Trade and welfare effects of European core country unification

_ Yuri Kofner, junior economist, MIWI – Institute for Market Integration and Economic Policy. Munich, 22 January 2021.

A Europe of concentric rings

For a decade now, the European Union has been burdened with various systemic problems: the euro and debt crisis, the Ukrainian crisis, the migration crisis, Brexit, and lately the Corona crisis.

In this regard, discussions in political and expert circles about the potential further format of European integration have become increasingly livelier. Several potential integration paths have been presented in the “White Paper on the Future of the European Union”, which was published by the European Commission in 2017.[1]

At one end of the debate are those who see the solution in the maximum deepening of European integration, – in the transformation of the entire European Union into a full-fledged fiscal-, transfer-, debt- and political union.[2]

At the other end, there are national political forces in the member states, mistakenly called Eurosceptics, who believe that the core problem lies in the over-centralization of policy powers in the hands of Brussels. Thus, they demand to roll back what they deem “excessive” integration steps and leave only the basic achievements of European integration, which give an arguably undisputed net added value – mainly the common goods market and pan-European research cooperation.

Somewhere between these two extremes, as a sort of compromise, lies the concept of “European integration of different speeds” and of a “Europe of concentric rings”, supported by Schäuble et Lammers (1994)[3], Stehn (2017)[4] and others. It suggests that within the framework of one integration system, only those countries further deepen their mutual integration that are truly interested and ready for it. The intention being that a club of countries, by idea the most developed core countries of the integration bloc, may deepen ties and cooperation, while the other member states of the integration organization, usually the catching-up periphery countries, can join this club later when they are ready for it and willing to do so.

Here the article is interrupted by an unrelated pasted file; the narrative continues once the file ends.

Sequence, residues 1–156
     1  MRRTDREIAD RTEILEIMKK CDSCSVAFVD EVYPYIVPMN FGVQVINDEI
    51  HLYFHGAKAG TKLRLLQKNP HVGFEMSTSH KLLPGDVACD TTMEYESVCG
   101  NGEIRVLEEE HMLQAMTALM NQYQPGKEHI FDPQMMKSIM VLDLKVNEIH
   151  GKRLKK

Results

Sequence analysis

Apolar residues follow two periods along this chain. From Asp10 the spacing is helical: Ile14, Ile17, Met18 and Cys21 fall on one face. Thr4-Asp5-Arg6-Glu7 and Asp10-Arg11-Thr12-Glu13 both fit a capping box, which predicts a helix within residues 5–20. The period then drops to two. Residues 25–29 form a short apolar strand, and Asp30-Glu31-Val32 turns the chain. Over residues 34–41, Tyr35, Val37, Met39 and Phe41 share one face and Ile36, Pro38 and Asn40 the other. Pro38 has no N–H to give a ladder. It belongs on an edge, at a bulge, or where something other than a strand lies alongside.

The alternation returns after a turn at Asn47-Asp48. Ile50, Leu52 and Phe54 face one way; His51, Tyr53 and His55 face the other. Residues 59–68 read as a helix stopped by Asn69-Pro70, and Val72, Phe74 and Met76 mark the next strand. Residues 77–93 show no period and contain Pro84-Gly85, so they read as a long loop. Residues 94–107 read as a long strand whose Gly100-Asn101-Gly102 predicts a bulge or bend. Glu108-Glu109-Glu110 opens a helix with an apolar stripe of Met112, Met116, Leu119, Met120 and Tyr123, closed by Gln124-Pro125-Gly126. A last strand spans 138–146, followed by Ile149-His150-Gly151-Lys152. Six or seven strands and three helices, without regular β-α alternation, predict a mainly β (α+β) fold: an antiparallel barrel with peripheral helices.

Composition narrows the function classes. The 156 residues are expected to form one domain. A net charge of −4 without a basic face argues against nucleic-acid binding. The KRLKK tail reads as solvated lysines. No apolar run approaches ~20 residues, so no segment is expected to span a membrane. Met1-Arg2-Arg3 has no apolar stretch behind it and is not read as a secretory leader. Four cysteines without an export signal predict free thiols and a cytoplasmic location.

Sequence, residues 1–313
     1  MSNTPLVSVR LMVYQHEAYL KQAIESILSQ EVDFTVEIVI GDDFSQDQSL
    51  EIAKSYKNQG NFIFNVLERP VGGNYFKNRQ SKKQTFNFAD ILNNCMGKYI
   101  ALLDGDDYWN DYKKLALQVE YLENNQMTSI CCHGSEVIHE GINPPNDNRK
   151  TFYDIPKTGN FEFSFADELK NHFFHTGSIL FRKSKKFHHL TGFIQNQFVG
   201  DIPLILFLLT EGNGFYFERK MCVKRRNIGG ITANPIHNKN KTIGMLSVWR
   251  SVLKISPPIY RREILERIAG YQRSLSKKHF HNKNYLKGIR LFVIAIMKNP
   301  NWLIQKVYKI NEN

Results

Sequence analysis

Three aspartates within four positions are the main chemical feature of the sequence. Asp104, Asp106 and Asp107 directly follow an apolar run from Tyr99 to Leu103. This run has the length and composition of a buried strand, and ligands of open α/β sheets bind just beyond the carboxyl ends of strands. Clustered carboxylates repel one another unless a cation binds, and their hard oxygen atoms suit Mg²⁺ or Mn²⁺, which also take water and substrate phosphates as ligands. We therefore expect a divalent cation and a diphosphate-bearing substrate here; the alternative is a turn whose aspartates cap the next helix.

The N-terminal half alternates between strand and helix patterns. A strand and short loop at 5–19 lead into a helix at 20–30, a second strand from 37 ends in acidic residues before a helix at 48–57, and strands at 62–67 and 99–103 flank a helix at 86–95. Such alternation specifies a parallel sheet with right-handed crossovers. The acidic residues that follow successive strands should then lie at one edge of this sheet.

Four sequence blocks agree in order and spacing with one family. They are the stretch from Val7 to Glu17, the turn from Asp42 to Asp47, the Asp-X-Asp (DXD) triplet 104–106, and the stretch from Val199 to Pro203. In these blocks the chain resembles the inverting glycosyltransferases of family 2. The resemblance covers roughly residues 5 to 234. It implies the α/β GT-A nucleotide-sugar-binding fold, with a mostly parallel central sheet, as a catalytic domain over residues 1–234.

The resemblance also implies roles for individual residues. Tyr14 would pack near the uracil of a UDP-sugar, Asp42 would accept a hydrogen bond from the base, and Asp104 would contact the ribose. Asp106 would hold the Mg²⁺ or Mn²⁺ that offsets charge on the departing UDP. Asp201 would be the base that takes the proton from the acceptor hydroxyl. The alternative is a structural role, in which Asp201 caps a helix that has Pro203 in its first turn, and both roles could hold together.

Arguably, the Euro area within the European Union can be considered an example of the implementation of such a “country club”[5], although many economists and politicians believe that some periphery countries have joined this club prematurely.

Critics of the concept of integration of different speeds and of concentric rings believe that it rather slows down the integration process or even legitimizes potential disintegration. In addition, this concept ostensibly removes those incentives for mutual compromise and deal-making, which would naturally arise during a bargaining process when all member states of a given integration organization have to participate in negotiations on further integration.